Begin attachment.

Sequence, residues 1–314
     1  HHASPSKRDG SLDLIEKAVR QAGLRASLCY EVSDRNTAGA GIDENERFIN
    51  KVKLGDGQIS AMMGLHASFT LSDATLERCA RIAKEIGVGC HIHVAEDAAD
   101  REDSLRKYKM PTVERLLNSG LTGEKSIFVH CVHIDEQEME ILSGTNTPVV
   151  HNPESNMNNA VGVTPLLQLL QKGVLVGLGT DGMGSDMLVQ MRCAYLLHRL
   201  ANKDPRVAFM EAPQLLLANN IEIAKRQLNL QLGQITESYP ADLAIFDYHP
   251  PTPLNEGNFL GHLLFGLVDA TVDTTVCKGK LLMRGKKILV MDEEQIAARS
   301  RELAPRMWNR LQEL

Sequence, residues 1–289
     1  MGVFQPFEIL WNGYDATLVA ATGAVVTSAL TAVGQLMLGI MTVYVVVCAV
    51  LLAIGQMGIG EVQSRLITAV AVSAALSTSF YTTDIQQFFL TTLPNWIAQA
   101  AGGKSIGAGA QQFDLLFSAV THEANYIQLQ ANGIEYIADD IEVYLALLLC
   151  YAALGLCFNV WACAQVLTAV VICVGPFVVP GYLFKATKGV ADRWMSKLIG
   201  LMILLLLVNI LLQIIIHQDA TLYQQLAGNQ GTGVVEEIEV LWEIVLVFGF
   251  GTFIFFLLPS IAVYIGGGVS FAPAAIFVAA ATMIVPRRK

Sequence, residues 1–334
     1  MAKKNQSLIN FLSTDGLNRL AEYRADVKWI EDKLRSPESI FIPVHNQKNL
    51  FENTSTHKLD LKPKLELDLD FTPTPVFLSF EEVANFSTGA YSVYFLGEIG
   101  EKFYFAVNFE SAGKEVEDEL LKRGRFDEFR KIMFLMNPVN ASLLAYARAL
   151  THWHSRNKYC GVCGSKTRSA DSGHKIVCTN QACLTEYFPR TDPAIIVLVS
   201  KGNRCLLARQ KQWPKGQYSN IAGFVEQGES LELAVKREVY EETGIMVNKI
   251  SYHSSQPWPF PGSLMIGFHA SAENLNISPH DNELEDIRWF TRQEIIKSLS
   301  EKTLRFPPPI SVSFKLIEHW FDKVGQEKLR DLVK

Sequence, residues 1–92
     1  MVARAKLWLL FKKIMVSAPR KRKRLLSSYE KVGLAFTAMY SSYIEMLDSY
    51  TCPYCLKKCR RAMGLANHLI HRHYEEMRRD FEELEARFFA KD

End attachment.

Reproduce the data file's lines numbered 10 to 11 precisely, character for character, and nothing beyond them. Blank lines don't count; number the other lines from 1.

     1  MGVFQPFEIL WNGYDATLVA ATGAVVTSAL TAVGQLMLGI MTVYVVVCAV
    51  LLAIGQMGIG EVQSRLITAV AVSAALSTSF YTTDIQQFFL TTLPNWIAQA